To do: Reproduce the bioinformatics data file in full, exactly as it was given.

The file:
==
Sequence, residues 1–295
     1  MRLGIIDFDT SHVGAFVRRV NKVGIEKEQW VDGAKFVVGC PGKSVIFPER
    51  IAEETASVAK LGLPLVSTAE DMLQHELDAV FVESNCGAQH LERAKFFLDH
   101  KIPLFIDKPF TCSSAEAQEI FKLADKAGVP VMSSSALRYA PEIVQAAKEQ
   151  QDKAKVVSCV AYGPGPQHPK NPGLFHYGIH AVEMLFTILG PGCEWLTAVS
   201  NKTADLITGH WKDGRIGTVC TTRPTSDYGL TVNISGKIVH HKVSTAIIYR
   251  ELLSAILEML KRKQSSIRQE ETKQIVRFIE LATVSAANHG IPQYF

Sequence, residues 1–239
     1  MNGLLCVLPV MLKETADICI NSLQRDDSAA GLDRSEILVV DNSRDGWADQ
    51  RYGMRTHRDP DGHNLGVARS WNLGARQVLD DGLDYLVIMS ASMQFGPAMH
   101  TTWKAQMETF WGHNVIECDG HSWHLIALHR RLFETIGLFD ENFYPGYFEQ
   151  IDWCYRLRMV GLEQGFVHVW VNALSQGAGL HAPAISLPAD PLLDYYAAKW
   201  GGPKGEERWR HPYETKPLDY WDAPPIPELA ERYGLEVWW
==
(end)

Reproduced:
Sequence, residues 1–295
     1  MRLGIIDFDT SHVGAFVRRV NKVGIEKEQW VDGAKFVVGC PGKSVIFPER
    51  IAEETASVAK LGLPLVSTAE DMLQHELDAV FVESNCGAQH LERAKFFLDH
   101  KIPLFIDKPF TCSSAEAQEI FKLADKAGVP VMSSSALRYA PEIVQAAKEQ
   151  QDKAKVVSCV AYGPGPQHPK NPGLFHYGIH AVEMLFTILG PGCEWLTAVS
   201  NKTADLITGH WKDGRIGTVC TTRPTSDYGL TVNISGKIVH HKVSTAIIYR
   251  ELLSAILEML KRKQSSIRQE ETKQIVRFIE LATVSAANHG IPQYF

Sequence, residues 1–239
     1  MNGLLCVLPV MLKETADICI NSLQRDDSAA GLDRSEILVV DNSRDGWADQ
    51  RYGMRTHRDP DGHNLGVARS WNLGARQVLD DGLDYLVIMS ASMQFGPAMH
   101  TTWKAQMETF WGHNVIECDG HSWHLIALHR RLFETIGLFD ENFYPGYFEQ
   151  IDWCYRLRMV GLEQGFVHVW VNALSQGAGL HAPAISLPAD PLLDYYAAKW
   201  GGPKGEERWR HPYETKPLDY WDAPPIPELA ERYGLEVWW